A Brief History of Protestantism
November 7, 2016
The Pope went to Sweden last week. He was there for two days, from October 31st to November 1st commemorating the 500th anniversary of the Protestant Reformation. The history between both Churches is somewhat complex. And what do we really know about Protestant theology? Here is brief look at how it all started and what some of the fundamental differences are.
October 31st marks the day Martin Luther, who was an Augustinian monk at the time, nailed his 95 theses on the chapel doors of the Wittenberg Castle in Germany, in 1517. His theses contained criticism on errors he found in the Catholic Church and suggested reforms.  He particularly criticised the Church for selling indulgences and accused the Church of using the money to build Saint Peter’s Basilica.
Luther’s theses were rejected by the Church and his refusal to abandon them led to his excommunication a few years later. But his ideas spread throughout all of Europe. Were therefore called “protestant” all those who contested, with Luther, the Catholic Church.
Then came the Counter-Reform, marked by the Council of Trent, still in the 16th century, and it was the first attempt to push back against Protestantism. And this war of religions inevitably led to the Thirty Year War at the beginning of the 17th century.
Today, the ideas of Martin Luther remain, though they have opened up other branches of Protestantism. Apart from the sale of indulgences – indulgences still exist today but do not come with a fee, rather they are an invitation to personal conversion – Luther insisted on the authority of Scripture and the individual interpretation of the believer. This meant giving people access to the Bible and teaching them how to read.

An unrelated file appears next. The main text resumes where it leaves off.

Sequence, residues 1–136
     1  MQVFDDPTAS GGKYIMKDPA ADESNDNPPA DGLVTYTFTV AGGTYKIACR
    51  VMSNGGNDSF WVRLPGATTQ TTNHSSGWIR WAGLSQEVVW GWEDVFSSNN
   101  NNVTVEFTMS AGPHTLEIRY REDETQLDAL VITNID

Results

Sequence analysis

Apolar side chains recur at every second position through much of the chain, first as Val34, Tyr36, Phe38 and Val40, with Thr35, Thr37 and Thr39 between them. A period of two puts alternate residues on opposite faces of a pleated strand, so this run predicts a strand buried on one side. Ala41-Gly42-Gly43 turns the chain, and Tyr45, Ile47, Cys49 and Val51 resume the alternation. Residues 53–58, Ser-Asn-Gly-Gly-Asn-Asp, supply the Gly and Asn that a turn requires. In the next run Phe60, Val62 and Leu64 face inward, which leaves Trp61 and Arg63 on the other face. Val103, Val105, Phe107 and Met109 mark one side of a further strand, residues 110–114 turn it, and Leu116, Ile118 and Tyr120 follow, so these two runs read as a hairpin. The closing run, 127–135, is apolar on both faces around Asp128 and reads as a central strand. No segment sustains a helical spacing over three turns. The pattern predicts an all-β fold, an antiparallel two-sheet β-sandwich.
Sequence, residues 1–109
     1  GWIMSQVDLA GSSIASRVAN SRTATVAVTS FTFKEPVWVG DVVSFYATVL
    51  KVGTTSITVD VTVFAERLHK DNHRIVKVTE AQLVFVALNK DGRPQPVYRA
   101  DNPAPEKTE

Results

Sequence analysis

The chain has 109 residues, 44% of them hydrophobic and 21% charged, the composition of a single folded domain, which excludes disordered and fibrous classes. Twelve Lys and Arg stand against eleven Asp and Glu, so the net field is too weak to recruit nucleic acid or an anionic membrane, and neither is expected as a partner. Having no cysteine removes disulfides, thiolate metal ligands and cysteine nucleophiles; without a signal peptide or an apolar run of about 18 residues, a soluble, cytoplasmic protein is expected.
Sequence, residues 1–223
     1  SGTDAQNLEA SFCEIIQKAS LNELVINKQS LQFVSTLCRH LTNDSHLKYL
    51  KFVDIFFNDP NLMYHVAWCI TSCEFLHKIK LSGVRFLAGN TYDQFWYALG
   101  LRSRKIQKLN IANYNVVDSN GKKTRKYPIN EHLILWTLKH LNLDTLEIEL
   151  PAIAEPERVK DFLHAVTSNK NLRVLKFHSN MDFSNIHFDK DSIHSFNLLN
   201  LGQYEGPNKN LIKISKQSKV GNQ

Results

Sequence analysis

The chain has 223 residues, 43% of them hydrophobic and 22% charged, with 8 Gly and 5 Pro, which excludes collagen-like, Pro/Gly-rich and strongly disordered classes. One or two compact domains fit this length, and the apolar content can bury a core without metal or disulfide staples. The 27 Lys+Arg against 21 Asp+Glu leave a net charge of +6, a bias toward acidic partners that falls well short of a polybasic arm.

Other differences arise when it comes to the belief of Mary’s virginity, the veneration of the saints, and the principle of justification. On this last point, Lutherans and Catholics have found common ground. Salvation is found through grace, and aided by works. They came to this agreement in 1999 when they signed a joint declaration titled from Conflict to Communion.
On the Eucharist. Catholics believe in the real presence of Jesus in the bread and wine. For Protestants, it is a symbol. They also don’t agree on the status of priests and ministers as well as on the authority of the Pope and the magisterium.
There are 800 million Protestants in the world today and about 1.2 billion Catholics. In Sweden, where the Pope spent 2 days, the number of Protestants represent a little more than 60% of the population.  
Check out Emilie Callan's summary of Protestant history on Vatican Connections:
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